Incorporating the following cancer-fighting foods into your everyday meals will not only reduce your risk of developing breast cancer, it will also benefit your overall health.
Teeming with antioxidants and other health-promoting phytonutrients, fruits and vegetables are a crucial component of a cancer-fighting diet, according to the American Institute for Cancer Research. In addition to reducing the risk of breast cancer, fruits and vegetables may also prevent recurrence of the potentially life-threatening disease. The richly-colored orange, yellow, dark red and green fruits and vegetables have been found to be particularly effective in fighting cancer. Stock up at your local farmers market or supermarket and eat your colors for breast health.
In addition to being high in omega-3s, which have been shown to decrease tumor growth and boost immune system function, fatty fish, such as salmon, tuna and mackerel, are a great source of vitamin D. Vitamin D, also known as the sunshine vitamin because your body will naturally manufacture it upon exposure to the sun, is not only essential for bone health, research suggests that it can reduce the risk of breast cancer by up to 50 percent as well as reduce the risk of cancer recurrence.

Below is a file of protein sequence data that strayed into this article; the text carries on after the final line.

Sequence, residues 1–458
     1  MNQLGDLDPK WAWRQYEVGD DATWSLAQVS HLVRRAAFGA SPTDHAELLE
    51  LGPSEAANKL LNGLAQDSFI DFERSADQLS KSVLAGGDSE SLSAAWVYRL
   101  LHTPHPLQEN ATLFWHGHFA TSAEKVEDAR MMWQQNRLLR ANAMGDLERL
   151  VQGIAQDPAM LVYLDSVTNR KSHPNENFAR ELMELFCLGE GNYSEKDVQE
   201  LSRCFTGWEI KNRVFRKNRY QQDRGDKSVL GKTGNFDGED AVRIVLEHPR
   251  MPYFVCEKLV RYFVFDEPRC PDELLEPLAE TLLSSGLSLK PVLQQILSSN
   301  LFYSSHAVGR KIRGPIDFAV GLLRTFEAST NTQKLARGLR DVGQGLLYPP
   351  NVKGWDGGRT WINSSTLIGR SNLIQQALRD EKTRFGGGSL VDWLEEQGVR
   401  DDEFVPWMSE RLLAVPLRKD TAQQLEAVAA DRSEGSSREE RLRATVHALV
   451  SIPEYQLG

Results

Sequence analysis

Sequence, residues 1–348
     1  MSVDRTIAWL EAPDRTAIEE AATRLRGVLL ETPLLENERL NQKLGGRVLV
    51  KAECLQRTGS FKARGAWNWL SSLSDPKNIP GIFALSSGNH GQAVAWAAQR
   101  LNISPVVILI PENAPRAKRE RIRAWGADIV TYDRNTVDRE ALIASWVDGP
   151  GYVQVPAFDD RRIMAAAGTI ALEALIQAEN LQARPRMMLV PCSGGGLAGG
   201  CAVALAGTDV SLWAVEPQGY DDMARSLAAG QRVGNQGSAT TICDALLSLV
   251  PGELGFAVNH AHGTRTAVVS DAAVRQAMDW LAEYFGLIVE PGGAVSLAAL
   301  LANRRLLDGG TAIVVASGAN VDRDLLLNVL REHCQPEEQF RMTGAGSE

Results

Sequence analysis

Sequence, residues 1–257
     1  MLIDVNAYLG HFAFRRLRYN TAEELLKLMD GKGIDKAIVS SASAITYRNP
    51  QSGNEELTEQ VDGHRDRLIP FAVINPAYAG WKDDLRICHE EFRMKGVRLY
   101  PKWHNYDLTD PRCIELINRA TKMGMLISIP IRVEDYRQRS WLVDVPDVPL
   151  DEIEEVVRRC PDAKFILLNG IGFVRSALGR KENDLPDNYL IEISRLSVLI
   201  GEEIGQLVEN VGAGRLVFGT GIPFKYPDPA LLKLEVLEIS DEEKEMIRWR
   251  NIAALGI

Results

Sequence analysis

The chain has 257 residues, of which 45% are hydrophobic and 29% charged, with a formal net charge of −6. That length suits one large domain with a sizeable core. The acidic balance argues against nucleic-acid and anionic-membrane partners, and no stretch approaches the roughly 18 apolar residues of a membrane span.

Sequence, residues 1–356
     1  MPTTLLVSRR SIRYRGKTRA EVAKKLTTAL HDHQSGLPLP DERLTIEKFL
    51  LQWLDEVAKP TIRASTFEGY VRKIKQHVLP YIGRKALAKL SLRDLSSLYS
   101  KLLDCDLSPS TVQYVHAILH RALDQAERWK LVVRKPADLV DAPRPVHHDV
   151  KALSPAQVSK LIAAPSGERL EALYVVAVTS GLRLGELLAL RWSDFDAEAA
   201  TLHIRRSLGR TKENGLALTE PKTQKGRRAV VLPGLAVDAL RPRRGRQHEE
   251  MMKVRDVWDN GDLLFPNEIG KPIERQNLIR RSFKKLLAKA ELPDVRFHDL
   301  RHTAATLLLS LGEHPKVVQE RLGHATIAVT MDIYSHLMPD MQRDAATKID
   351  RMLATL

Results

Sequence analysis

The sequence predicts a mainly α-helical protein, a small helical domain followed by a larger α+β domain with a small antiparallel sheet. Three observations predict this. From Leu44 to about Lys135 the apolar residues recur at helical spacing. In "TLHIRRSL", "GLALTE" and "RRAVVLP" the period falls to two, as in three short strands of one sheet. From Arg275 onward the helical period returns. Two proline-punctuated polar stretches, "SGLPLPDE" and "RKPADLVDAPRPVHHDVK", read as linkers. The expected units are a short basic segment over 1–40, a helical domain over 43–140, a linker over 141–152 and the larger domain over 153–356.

You may want to trade in your morning mug of coffee for a cup of green tea. A rich source of flavonoids, which are known for their antioxidant effects, three to four servings of green tea every day may reduce your risk of breast cancer, especially if you are post-menopausal, and other types cancers such as ovarian cancer.
Broccoli — and other cruciferous vegetables, such as cauliflower, cabbage and kale — has been shown to be a delicious dietary defense against breast cancer. Researchers have found that a compound in broccoli, indole-3c-arbinol, hinders the growth of breast cancer cells and may augment the efficacy of cancer drugs (though more research needs to be done in this area). The best way to reap the benefits of broccoli is to eat it raw or lightly cooked since the cancer-fighting compound breaks down under high heat.
Research suggests that women who frequently eat beans and lentils are less likely to develop breast cancer compared to women who don't consume the good-for-you legumes. High-fat, low-fiber diets have been linked to cancer, while plant-based diets are associated with lower rates of cancer. Beans and lentils are not only a healthy protein alternative to high-fat meats, they are also loaded with antioxidants, fiber and phytoestrogens, which have been proven to reduce breast cancer risk.
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